Coolant is a specially formulated fluid designed to protect your HD engine. It’s composed of water, anti-freeze and supplemental cooling additives. As the name implies, coolant dissipates heat to keep an engine cool. But it also does much more.
If the only goal of coolant was to act as a heat transfer, pure water would be a more efficient medium. Unfortunately, water is corrosive and freezes in cold conditions. Quality HD coolant is needed to perform the following:
Heat transfer: Of course, coolant acts as a heat exchanger. It circulates through the engine to absorb heat created during combustion. It then transfers that heat to a heat exchanger, otherwise known as a radiator, where it is dispersed into the air.
Freeze protection: Often, you’ll hear coolant referred to as an anti-freeze. The terms are used interchangeably. That’s because coolant possesses “anti-freezing” characteristics. The degree of freeze protection provided by the coolant depends on the amount of anti-freeze in the mixture.
Corrosion protection: Coolant protects the metals, plastics and rubber found in the cooling system.
Chemical stability: Additives found in quality coolant prevent build up of gunk and engine-damaging scale. They also provide anti-foam protection and inhibit the formation of acids and bubbles. All of these characteristics promote engine longevity.
Anti-boil protection: Coolant remains a fluid as it is heated. It resists the tendency to boil and form vapours that would reduce heat transfer ability.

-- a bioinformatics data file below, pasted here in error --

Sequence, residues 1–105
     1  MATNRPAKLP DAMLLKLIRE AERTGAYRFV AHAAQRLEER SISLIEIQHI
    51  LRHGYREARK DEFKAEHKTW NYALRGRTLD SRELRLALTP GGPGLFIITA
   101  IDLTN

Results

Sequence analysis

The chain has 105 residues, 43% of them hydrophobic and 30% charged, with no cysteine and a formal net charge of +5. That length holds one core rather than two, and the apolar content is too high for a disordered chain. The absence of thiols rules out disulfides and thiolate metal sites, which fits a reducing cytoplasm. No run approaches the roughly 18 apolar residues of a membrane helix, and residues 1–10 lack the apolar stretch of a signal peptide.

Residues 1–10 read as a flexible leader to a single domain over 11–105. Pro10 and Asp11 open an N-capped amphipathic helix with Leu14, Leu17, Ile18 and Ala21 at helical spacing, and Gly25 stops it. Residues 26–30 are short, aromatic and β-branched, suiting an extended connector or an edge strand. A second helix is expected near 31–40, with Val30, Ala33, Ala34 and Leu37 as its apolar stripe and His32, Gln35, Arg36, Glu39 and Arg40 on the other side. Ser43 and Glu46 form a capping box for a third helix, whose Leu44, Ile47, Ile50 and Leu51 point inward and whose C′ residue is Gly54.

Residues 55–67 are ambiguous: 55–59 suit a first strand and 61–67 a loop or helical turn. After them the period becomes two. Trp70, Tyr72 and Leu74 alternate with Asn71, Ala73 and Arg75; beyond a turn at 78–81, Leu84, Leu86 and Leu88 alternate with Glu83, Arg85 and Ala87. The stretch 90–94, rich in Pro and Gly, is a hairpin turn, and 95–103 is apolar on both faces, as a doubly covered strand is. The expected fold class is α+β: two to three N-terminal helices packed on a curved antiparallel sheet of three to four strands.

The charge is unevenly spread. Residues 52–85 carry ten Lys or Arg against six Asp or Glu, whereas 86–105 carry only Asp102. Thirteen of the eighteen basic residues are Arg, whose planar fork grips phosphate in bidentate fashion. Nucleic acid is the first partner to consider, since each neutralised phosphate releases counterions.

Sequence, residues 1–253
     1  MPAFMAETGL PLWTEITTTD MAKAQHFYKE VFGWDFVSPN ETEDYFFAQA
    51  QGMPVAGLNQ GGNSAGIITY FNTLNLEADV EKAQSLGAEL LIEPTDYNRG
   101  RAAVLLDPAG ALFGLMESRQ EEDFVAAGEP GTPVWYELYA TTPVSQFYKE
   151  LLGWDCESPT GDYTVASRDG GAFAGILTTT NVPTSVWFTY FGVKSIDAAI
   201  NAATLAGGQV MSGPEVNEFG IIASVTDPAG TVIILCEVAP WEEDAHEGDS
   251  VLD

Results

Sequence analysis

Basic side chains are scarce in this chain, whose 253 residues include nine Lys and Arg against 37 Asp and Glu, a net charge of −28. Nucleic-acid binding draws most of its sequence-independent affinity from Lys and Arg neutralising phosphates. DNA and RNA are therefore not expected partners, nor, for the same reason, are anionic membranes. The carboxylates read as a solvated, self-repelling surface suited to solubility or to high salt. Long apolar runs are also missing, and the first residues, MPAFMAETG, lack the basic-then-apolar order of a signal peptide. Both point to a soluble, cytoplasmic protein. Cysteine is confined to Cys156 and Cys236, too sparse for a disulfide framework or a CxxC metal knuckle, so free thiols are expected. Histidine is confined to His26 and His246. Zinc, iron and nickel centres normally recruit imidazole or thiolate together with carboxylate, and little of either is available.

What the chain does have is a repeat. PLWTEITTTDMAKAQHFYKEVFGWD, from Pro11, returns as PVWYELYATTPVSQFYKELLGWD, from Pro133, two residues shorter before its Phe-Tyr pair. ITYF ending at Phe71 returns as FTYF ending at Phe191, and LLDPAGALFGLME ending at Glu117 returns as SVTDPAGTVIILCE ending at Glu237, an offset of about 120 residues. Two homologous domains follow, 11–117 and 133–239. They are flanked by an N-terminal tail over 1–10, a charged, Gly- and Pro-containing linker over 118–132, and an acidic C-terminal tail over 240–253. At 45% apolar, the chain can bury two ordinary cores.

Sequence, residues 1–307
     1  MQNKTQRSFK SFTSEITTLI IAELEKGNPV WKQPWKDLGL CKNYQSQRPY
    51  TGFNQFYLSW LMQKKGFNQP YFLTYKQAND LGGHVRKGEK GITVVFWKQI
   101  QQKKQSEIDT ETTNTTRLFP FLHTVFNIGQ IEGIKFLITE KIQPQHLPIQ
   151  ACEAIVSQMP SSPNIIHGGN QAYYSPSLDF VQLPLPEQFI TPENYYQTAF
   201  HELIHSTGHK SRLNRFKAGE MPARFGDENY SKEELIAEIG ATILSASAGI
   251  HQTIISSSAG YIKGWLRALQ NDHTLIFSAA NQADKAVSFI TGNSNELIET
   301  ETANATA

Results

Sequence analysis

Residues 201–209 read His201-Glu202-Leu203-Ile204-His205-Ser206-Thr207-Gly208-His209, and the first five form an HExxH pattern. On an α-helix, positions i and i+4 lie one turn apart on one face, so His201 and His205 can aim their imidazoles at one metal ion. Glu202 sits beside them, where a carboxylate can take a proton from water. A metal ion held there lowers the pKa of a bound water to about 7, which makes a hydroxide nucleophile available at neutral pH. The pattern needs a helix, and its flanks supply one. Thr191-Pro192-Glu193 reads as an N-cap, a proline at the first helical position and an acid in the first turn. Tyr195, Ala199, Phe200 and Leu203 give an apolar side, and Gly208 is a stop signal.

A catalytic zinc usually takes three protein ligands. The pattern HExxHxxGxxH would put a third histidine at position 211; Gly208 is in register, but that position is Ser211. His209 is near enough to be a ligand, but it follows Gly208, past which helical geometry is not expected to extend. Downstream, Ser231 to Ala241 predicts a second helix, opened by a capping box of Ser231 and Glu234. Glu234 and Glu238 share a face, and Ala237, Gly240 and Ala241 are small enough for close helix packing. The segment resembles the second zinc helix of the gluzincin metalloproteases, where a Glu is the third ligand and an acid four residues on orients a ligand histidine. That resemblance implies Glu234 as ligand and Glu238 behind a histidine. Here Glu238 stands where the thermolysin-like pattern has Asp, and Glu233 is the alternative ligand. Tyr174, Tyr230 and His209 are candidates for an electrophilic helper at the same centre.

Not using a high-quality coolant increases the risk of engine-damaging conditions. These include overheating, freezing, cavitation and degradation of vital components.
Although the role of coolant is complex, it’s composition is relatively simple. As was mentioned earlier, coolant is a mixture of water, anti-freeze and additives.
Water: Water serves as the main heat transfer medium in coolant.
Anti-freeze: Ethylene glycol and propylene glycol are the two main fluids used as anti-freeze in coolant. HD engine coolants use one or the other as a mixture base. The difference between the two is that ethylene glycol, while less expensive, is considered more toxic than propylene glycol. For this reason, propylene glycol based engine coolants tend to be used in locations where a low toxicity product is required.
In addition to ethylene glycol and propylene glycol, other base fluids are becoming available. These include an industrial chemical called 1,3-Propanediol and Glycerine. Currently, however, the majority of HD engine coolants still use either glycol as a base.
Supplemental Cooling Additives: Coolants must also contain additives that protect against oxidation and corrosion. These additives are known as supplemental cooling additives (SCA). Common additives include:
Not all coolants are created equal. What differentiates one coolant from another is not only the quality of the glycol and water used, but also the SCAs. Each batch of SCAs is designed for a specific application. If you want your HD engine to last, it’s important to select a high-quality coolant designed to meet your vehicle’s specifications.